For example, InnoCentive, founded by US drug company Eli Lilly, is a website that matches problems posted by companies with scientists who can potentially solve them. So far, more than 59,000 solutions have been proposed in response to about 2,000 challenges with US$48 million paid to solvers. The GreenTouch consortium, led by telecommunications company Alcatel-Lucent, set a goal of community-sourcing ways to improve the energy efficiency of communication networks by a factor of 1,000 by 2020. It delivered a road map for a factor of 10,000. And the Innovation Value Institute at Maynooth University in Ireland worked internationally and with competing companies to develop a framework for measuring and improving IT capability, which is now used by hundreds of organizations worldwide.

Companies are opening up their research labs. Philips has converted its research facility in Eindhoven, which had 2,400 employees in 2001, to an open research campus (High Tech Campus Eindhoven) that now houses more than 140 firms and around 10,000 researchers. Breakthrough ideas often emerge at the intersection of disciplines. For example, Keenan, an Irish agricultural-equipment supplier, and telephone company Vodafone have worked with Intel to develop an online service that uses real-time information to provide farmers with nutritional advice for livestock.

Open innovation 2.0 is neither easy nor is it a panacea. It requires courage and energy. But once a critical mass is achieved, innovation can catalyse itself3. Just as momentum is the product of mass and velocity, the ecosystem with the most participants and fastest turnover of ideas will be the most successful. Participating organizations must create synergies rather than cancel each other out. High levels of trust and conviction in the shared vision are predictors for eventual success.

A common language helps. Just as architects and engineers can refer to canonical designs when building a bridge, social and technological innovators can improve productivity by following design patterns. These heuristics summarize insights about the innovation process and can be combined (see ‘Keys to collaborative innovation’). They shorten learning times and improve the results and pace of innovation.


Next steps

We have all witnessed how the music and book industries have been transformed by companies such as Apple and Amazon through digitization. Transforming cities, energy grids and health-care systems will be harder. It will need technology breakthroughs, alignment of interests, investment and collaboration across many stakeholders.

Different sectors should explore how disruptive technologies can transform their domain. For example in health care, wirelessly transmitting information from electrocardiograms (a heart-activity test), and using cloud-based analytics, could detect the early onset of conditions such as cardiac fibrillation.

The mantra is 'fail fast, scale fast'.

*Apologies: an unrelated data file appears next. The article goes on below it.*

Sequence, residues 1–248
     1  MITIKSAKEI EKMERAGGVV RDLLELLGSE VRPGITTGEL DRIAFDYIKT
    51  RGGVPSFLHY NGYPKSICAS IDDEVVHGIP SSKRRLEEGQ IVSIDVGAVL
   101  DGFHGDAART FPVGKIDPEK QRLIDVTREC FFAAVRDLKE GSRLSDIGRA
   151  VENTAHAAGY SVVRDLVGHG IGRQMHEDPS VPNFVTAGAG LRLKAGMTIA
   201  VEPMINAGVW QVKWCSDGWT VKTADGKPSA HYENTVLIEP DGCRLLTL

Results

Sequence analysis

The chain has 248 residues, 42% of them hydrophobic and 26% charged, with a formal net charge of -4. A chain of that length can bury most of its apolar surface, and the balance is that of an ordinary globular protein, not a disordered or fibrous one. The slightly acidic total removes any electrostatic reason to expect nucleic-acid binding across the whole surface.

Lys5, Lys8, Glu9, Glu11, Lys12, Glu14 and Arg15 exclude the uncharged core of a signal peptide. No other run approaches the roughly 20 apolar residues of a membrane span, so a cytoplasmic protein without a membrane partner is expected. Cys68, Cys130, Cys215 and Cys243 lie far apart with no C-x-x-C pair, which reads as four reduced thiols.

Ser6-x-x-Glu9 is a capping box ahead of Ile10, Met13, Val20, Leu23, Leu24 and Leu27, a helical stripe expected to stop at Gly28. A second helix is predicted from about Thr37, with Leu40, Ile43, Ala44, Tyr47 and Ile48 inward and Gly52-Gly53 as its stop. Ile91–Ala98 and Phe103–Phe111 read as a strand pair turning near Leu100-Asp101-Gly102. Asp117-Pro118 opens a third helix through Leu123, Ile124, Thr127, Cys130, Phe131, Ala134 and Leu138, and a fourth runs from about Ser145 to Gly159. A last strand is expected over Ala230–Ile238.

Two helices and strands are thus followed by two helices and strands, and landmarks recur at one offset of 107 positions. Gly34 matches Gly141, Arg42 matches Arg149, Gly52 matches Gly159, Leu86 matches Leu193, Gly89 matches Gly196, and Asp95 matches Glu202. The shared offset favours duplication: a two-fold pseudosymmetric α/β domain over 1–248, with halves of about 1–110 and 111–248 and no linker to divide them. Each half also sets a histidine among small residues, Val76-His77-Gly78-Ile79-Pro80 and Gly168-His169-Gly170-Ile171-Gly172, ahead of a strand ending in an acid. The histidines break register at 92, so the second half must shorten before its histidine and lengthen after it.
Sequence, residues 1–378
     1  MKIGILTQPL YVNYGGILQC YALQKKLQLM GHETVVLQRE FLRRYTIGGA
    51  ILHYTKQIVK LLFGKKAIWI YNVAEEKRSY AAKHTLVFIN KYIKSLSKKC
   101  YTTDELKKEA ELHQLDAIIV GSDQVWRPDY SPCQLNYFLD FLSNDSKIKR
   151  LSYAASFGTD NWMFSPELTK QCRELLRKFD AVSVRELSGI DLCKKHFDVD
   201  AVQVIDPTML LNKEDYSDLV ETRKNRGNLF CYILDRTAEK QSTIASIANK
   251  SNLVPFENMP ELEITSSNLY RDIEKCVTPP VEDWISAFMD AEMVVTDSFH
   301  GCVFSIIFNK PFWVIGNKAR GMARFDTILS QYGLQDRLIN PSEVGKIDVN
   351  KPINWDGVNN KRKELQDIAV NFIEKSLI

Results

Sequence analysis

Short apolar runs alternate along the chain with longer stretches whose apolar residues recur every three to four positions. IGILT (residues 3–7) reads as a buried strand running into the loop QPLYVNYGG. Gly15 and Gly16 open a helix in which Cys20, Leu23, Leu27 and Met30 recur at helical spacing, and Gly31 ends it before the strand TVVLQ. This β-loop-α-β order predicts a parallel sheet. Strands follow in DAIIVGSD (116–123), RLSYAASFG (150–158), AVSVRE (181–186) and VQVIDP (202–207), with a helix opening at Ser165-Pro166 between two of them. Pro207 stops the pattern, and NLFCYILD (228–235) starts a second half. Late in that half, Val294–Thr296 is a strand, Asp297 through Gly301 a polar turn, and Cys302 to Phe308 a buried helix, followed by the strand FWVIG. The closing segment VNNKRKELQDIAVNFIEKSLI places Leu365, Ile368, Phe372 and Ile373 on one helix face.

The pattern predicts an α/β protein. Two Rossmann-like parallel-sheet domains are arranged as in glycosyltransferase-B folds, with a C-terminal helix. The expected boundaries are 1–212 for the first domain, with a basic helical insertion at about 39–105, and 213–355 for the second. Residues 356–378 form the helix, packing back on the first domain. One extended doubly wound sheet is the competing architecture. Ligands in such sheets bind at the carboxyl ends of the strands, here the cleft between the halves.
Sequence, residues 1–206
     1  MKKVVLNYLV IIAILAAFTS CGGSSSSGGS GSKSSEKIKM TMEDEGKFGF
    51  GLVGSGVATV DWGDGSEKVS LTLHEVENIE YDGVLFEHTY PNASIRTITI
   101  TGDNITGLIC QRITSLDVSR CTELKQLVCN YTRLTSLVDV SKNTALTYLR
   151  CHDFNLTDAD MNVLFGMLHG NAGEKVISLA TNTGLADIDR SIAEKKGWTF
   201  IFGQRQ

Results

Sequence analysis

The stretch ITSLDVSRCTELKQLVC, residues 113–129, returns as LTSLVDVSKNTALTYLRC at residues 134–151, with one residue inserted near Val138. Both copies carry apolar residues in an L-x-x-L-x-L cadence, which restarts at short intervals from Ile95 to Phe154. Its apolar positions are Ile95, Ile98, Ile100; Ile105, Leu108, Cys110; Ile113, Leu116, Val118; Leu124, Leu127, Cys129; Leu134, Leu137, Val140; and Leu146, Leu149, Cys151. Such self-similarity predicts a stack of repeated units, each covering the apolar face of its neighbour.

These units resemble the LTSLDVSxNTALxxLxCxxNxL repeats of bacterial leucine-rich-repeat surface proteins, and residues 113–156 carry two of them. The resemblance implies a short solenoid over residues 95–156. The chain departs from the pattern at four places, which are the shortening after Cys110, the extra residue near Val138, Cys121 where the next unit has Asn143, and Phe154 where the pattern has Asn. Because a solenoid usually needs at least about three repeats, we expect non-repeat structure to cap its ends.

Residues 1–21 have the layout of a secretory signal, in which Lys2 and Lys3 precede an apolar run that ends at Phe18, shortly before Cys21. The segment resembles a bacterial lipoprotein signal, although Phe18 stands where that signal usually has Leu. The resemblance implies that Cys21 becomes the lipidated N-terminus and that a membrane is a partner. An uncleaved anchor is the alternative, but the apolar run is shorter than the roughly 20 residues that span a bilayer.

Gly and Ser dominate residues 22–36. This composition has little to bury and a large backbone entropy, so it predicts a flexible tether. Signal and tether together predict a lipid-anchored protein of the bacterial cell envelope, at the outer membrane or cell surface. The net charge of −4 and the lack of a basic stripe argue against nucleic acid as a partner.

Governments should create innovation strategies that build capacity and focus efforts on nationally important problems. Road maps that set out a sequence of problems to be solved and the innovations required — such as the International Technology Roadmap for Semiconductors — can direct efforts efficiently. Imagine the power of a European or globally agreed road map for smarter cities, more sustainable electrical grids or health-care transformation. The risks of collaboration can be reduced by publishing model contracts for public–private partnerships. Measurement instruments such as Europe's Innovation Union Scoreboard can identify which areas of a country's innovation ecosystem need to be strengthened.

The EU should expand its ambition beyond creating a European Research Area to nurturing a European Innovation Ecosystem. It is promising that a priority for the current Dutch presidency of the EU is ensuring that all European funding instruments focus more on innovation. EU research commissioner Carlos Moedas proposed that the establishment of a European Innovation Council (EIC) would be an important intervention. The EIC could be the steward of an overall European innovation strategy and of societal-challenge road maps.

Governments should encourage the adoption of innovations as well as their creation. They should modulate spending, incentives and policy depending on technology maturity. Immature technologies with high potential need research and pilot projects funded; more-proven prototypes require support for capital deployment cost as well as incentives such as tax credits or loan guarantees. For example, in the United States, incentive payments were used to encourage physicians to adopt electronic health records. Leaders should note the public's increasing desire to be involved in innovation efforts, as exemplified by citizen-science initiatives.

A cultural shift is at the core of open innovation 2.0. The technology is ready — are we?